In Progress
Lesson 1, Topic 18
In Progress

Clarifying Your Mission

Pivotous Social June 17, 2020


Why do you need to define your direction early in the Clarifying Your Direction stage?

It is straightforward; if you do not plan, then you plan to fail.

Now, this is true in everything in life. However, this is especially true in the world of business.

The first question you need to ask yourself is: Are you a job seeker or an employee OR Are you a business owner, entrepreneur, or employer? Whether you are a job seeker looking for a job or a business looking for investors, defining your mission is essential to your personal and professional success. Your mission will help guide you in the right direction as well as play a part in helping you make the right decisions which can be beneficial to your career in a new position or the state of your revenue stream! 


Who doesn’t love increasing their revenue stream?

What is Your Mission?

As an employee, ask yourself, what is your mission? (insert mission impossible theme music🎶)?  Your mission should be positioning yourself as professional and the most qualified using your profile, messaging, and networking. Ultimately, to get the job! 

As an employer, a mission statement is a formal summary of your company’s goals and values. Having a mission statement helps serve the following:

Your Customers: A mission statement tells them why they should support you as a company and ultimately purchase your product or service.

Your Employees: A good mission statement will show your current and potential employees what you care about as a company. It will give them an insight into your company culture which is something that is far underrated! A great culture equals great employee retention! For your marketing team specifically, it should serve as a jumping-off point for content marketing. All of your content should tie back to the goals and values of your company – aka your mission statement!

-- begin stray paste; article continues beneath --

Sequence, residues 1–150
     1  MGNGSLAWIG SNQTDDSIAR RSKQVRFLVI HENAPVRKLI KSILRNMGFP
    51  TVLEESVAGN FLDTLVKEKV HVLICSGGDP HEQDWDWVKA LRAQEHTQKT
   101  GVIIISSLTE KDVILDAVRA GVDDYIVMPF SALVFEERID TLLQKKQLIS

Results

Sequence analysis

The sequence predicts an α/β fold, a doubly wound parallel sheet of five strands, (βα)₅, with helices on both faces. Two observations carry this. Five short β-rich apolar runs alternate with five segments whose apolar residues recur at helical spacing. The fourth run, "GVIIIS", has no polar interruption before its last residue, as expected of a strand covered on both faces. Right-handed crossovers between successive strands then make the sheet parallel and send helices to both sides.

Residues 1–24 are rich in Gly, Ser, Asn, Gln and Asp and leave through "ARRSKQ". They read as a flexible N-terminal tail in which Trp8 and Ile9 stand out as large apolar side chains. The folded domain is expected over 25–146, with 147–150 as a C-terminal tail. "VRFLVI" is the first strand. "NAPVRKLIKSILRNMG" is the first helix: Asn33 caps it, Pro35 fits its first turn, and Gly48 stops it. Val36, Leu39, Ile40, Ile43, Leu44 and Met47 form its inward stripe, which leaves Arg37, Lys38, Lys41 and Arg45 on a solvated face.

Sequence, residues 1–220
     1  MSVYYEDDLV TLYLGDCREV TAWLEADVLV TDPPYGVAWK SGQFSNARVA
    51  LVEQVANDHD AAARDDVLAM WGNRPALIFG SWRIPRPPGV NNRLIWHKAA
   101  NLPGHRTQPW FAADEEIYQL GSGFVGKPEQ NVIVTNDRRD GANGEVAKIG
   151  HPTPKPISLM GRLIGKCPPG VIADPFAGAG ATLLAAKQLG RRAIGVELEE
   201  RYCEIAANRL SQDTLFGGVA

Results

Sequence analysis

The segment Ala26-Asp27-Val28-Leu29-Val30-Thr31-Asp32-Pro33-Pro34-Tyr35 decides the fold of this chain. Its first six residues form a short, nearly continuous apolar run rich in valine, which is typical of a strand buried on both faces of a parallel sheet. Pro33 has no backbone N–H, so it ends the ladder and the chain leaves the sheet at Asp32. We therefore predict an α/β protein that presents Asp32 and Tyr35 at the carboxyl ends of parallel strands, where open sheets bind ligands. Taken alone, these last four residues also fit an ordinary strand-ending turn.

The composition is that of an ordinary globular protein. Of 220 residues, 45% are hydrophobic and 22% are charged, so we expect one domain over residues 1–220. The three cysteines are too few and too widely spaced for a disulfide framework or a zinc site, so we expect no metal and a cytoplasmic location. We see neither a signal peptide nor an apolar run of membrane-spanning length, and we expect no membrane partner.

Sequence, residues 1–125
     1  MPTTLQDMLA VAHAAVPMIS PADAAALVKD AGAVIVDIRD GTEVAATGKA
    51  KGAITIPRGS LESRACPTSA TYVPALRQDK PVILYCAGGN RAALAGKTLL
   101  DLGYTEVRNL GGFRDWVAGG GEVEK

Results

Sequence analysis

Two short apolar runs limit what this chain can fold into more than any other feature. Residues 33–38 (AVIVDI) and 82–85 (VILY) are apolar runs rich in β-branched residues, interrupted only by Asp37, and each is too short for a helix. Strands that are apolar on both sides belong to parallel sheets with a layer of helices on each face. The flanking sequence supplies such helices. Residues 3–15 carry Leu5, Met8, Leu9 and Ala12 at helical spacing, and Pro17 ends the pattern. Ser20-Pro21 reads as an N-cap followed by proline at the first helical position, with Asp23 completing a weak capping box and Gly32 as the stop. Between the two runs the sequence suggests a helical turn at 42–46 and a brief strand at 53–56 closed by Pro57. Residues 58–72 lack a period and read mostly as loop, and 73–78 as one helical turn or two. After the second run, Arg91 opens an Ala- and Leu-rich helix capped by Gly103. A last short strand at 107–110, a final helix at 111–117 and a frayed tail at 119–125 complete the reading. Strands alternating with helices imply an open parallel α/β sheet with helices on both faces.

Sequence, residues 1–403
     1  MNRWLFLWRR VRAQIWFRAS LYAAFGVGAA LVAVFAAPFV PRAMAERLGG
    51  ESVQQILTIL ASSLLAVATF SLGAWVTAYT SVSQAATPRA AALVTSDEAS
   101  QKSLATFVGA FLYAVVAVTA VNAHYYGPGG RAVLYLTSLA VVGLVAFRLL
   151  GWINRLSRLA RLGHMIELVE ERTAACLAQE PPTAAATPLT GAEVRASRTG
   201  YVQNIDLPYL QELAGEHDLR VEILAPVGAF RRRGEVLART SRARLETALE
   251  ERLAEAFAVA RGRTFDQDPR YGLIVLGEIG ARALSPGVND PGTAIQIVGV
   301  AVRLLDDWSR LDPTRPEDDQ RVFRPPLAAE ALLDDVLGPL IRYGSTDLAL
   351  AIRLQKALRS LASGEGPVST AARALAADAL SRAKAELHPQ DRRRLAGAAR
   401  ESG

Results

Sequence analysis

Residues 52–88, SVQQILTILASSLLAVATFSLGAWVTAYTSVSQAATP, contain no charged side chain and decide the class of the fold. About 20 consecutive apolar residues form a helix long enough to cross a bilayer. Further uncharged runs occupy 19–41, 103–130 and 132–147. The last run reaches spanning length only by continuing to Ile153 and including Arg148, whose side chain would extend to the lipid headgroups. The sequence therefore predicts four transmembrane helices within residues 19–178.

Your Potential Investors: A mission statement should define what you do, why you do it, where you want to go, and how you are going to get there. A mission statement should show investors that you are worth investing in because you are!

Clarifying Your Mission

If you don’t already have a mission statement, or your mission statement does not serve all of the people listed above, then you may need to write a new one! Looking up other companies mission statements can help you with your creative process. We all know how hard it can be to get in the zone!

As a employee, you will want to clarify your search by setting job-hunting objectives. Use these questions to create a motivating and clarifying personal job-hunting objectives statement(don’t be shy, be confident!)

As an employer, there are a few things you should consider as you craft your new mission statement, also known as the Four Elements of a Mission Statement (make sure you pay attention right here, this is important!):

For example, “Within 10 months, I will use my content writing skills to be a lead content creator for a global marketing company in Seattle.” This will not only help you solidify what you are looking for but also allows you to improve your profile by writing in a focused, job-specific–attracting manner.

For example, LinkedIn’s mission statement is to “connect the world’s professionals to make them more productive and successful.” This statement shows LinkedIn’s values (productivity and successfulness) and their inspiration (professionals) in one plausible and specific mission statement. Good job LinkedIn!

A few other things to keep in mind: Keep your statement short and sweet. No one wants to read a Shakespearean sonnet! Ask your employees what they think and if they have any good ideas. Remember: a mission statement should reflect your company as a whole. Things change. It is okay to change your mission statement. Review your mission statement at least every 90 days.


It also might help to have some keywords in mind. One technique we use at Pivotous is called the “Word Cloud.” Websites such as Wordsalad or Wordpack help to pick out the most used words in a text. Add job descriptions of what you want to be or help wanted ads of the jobs you are applying for into a free keyword generator or word cloud app. See what words rise to the top. Do the words describe your dream job? Use the stellar keywords from your search in your resume, profile, or your LinkedIn profile headline.

Why Your Mission Matters

See, it’s not too bad right? Obviously, coming up with a mission statement is easier said than done, but with the steps above it should be at least a little bit easier.